Winter 2011 • Vol. XXXIII No. 1 Poetry |

Was Blind, but Now

For the first time, a man wears his glasses and is startled by the crispness of things, the lines etched on every surface, the colors racing toward him. How the horizon, once a dull throb, is suddenly alive, an artery with a hundred roads busting out in each direction. The rain is no longer one solid sheet, but thousands of tiny letters in a message now clear. Mostly, he finds himself staring. First at the ground, then the sky, then in the direction of his wife, whose once blurred shape is now a cloud of purple sandpipers, the limb of an olive tree, and the clearing beyond.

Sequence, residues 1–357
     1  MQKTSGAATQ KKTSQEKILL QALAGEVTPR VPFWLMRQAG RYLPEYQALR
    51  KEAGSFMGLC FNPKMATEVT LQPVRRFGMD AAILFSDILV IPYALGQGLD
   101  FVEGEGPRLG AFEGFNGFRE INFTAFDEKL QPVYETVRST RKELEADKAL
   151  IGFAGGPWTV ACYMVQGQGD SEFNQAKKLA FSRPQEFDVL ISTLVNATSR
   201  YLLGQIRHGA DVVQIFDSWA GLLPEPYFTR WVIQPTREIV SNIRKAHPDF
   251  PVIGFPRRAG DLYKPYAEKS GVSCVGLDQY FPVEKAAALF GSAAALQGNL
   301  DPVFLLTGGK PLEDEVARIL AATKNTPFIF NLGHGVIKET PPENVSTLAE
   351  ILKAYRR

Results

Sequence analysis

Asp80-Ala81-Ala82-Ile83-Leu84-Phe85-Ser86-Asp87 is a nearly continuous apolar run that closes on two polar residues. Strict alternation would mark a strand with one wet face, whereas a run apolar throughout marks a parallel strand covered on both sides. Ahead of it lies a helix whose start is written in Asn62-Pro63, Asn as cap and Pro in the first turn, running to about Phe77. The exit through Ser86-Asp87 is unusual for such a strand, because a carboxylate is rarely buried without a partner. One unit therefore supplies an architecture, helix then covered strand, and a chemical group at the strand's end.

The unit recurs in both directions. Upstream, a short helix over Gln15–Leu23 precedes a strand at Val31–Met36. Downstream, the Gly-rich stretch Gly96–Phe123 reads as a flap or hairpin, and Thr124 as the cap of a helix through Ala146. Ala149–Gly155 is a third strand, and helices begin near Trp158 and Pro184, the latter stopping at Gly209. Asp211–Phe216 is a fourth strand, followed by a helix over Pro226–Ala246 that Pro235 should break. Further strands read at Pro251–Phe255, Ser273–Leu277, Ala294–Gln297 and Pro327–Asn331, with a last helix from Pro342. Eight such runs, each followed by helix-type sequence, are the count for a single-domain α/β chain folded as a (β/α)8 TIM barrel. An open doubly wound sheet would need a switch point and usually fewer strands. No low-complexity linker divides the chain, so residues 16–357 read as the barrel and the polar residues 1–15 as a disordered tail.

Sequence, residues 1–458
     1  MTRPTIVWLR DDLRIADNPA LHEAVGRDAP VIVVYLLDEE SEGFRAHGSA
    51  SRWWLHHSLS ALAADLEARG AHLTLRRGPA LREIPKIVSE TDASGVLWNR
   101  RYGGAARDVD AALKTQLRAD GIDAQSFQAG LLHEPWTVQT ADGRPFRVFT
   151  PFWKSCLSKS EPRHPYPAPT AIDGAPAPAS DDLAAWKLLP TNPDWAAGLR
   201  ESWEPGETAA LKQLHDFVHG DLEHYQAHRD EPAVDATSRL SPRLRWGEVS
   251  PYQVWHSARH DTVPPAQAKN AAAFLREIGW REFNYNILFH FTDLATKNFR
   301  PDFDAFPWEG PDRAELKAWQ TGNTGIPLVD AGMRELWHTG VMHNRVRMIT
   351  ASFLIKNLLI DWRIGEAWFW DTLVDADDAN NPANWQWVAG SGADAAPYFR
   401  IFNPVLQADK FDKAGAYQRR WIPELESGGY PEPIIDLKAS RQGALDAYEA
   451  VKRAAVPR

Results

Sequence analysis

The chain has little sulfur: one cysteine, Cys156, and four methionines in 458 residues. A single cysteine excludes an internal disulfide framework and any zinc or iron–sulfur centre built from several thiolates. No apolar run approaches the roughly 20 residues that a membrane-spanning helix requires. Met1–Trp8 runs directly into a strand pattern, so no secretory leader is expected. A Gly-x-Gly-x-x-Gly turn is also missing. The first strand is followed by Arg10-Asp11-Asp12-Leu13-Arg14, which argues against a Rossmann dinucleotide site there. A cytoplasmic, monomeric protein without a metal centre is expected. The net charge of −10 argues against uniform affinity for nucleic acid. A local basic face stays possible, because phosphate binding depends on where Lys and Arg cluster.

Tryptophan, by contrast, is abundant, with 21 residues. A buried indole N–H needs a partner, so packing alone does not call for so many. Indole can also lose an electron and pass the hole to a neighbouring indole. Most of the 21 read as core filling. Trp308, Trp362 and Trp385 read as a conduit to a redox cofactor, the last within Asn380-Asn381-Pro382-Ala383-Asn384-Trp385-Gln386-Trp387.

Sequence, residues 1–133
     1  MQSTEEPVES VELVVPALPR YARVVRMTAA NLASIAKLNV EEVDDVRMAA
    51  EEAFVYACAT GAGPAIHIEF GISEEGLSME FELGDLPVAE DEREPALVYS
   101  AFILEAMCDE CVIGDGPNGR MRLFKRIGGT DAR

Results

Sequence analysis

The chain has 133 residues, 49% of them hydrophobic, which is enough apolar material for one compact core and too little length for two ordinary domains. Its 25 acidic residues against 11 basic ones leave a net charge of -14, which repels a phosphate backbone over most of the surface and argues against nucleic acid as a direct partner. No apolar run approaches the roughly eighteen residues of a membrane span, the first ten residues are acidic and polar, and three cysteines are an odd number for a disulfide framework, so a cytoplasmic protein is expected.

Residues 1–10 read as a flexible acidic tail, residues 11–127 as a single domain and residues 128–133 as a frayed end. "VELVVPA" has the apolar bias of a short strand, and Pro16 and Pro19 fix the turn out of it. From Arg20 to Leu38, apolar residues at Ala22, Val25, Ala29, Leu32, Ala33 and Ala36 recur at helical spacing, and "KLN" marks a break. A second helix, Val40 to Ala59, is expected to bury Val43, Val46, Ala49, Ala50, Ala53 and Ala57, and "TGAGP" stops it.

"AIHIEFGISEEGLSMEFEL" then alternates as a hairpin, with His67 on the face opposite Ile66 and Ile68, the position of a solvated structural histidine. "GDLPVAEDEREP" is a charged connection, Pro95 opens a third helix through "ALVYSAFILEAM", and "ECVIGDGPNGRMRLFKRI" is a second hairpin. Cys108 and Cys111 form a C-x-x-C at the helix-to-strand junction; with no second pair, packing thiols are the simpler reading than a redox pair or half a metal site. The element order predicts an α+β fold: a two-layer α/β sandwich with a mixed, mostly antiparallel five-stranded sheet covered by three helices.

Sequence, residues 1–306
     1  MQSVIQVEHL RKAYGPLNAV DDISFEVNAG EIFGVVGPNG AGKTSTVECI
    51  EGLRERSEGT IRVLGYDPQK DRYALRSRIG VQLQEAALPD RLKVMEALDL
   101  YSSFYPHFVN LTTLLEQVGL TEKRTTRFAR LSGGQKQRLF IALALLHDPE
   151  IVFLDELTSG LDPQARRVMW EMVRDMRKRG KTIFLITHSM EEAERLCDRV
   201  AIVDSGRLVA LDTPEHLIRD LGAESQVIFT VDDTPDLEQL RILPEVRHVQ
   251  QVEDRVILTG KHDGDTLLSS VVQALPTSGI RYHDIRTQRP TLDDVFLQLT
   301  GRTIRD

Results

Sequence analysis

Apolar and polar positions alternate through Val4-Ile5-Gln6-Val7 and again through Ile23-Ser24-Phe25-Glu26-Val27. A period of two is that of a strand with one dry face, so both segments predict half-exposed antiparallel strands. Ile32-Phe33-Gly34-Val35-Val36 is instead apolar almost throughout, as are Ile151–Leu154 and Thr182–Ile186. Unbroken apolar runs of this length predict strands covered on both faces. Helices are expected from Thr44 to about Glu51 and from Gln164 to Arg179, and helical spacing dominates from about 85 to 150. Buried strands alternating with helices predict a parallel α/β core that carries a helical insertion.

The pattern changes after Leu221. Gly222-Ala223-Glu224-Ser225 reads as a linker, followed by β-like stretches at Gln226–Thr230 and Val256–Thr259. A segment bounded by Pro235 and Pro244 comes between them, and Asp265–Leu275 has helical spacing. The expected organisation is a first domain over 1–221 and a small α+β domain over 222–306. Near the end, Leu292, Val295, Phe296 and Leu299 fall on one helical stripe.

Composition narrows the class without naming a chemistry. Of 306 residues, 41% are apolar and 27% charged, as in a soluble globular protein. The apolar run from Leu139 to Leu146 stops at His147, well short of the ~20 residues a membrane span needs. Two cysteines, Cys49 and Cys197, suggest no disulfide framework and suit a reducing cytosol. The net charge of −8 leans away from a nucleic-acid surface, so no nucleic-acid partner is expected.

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Matthew Olzmann is the author of two poetry collections: Mezzanines and Contradictions in the Design (both from Alice James Books). He teaches at Dartmouth College and in the MFA Program for Writers at Warren Wilson College.

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